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Visuals at your Fingertips

Tab and Flap Cards are templates that create picture cards to stack and attach on a ring or with a brad. When stacked, the tabs or flaps allow for easy retrival of specific pictures. These are wonderful for behavioral strategies such as rules, social skills, and schedules. They can also be used as curriculum supports such as a book of a nursery rhyme, classmates, reading strategies, or thematic vocabulary. Look for more great ideas in the sharing center - and share your own as well. 

Tabbed Cards have tabs with matching pictures on the side or at the bottom. 

Flap cards come in different lengths. Just align the cards at the top in sequential order. They will have a colored flap that sits just below the previous card. 



These card make great visuals for behavior and social skills. Here are some ideas for behavior:

  • Wear behavior visuals on a lanyard or key ring and show when specific situations arise: walk, quite mouth, etc.
  • Review a set of cards that are accessible to the students on how to be a good friend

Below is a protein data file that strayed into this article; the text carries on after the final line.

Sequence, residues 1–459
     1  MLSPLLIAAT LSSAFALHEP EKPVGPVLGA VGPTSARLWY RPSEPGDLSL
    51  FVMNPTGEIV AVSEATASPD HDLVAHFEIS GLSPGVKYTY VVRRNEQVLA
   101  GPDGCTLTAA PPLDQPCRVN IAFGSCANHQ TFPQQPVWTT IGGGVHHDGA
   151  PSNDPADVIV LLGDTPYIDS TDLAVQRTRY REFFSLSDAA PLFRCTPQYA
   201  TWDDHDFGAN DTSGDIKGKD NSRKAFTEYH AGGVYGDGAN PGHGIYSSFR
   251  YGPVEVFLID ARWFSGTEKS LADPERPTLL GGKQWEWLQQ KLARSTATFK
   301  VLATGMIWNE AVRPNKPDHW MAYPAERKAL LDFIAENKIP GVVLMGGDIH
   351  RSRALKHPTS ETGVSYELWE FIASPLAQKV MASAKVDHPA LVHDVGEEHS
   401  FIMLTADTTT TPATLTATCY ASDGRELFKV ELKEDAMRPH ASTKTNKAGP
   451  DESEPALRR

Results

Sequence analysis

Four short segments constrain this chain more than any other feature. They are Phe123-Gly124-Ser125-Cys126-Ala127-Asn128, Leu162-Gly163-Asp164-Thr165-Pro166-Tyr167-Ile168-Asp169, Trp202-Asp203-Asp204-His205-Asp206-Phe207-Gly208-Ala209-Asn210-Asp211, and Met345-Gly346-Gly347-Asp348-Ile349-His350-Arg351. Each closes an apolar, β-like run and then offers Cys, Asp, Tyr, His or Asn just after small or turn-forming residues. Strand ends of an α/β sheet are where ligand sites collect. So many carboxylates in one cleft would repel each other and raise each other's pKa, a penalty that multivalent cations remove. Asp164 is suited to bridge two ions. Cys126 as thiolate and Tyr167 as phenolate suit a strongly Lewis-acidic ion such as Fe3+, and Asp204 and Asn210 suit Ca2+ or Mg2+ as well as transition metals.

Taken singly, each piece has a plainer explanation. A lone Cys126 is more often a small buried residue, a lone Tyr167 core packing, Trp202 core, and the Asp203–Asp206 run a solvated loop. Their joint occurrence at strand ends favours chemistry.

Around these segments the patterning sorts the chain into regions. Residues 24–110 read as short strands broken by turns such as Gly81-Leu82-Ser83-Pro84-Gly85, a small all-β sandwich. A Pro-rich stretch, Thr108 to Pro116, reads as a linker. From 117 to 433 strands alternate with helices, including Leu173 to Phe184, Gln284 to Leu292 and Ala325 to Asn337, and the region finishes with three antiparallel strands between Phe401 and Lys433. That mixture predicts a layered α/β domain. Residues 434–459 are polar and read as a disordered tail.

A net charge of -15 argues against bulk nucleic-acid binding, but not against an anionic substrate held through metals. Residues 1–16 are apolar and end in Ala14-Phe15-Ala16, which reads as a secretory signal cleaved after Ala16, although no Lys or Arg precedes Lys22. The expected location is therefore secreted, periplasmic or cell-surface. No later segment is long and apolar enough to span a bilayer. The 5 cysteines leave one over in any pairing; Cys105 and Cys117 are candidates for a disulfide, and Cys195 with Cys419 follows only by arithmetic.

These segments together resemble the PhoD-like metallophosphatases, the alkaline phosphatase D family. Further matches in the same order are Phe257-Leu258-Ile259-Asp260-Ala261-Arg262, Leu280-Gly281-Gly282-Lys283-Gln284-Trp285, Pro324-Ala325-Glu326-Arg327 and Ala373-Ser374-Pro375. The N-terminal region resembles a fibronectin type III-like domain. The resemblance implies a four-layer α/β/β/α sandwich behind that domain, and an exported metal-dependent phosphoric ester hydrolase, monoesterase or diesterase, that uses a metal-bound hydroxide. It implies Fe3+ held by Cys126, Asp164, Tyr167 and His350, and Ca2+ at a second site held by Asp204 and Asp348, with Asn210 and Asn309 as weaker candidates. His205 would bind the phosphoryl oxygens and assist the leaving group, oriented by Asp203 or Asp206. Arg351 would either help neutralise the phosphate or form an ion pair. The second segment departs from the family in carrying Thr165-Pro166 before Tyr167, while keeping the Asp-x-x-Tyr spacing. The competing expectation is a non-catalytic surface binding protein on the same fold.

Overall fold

• Keep a set ready of feelings or how to manage strong emotions 



Literacy And Speech

These cards can be used during full group and story time or place a set in the book center. Here are some ideas:

  • Make a set of cards that contain specific vocabulary or characters from a story 
  • Create nursery rhymes or songs that students can use to retell the rhyme
  • Identify reading strategies such as decoding skills or comprehension checks 
  • Make sets of practice words for articulation 
  • List song titles for students can choose which song they would like to sing 
  • Make alphabet cards, laminate, and allow students to trace with dry erase markers or playdough



Math and Science

Create sets of cards to review math and science vocabulary. Place sets in centers as visual stratgies for learning. Here are some more math and science ideas: 

  • Math voabulary cards for referencing
  • Find the match: look for items around the room that match the card's vocabulary such as color, shape, or attribute 
  • Give cues to develop science experiments such as "is it magnetic?", "does it roll?", or "does it float?"
  • Place math strategies on quick reference cards 
  • Use photos of classmates and ask students to name their classmates
  • Place photos or symbols of famous scientists to discuss or research in the science center.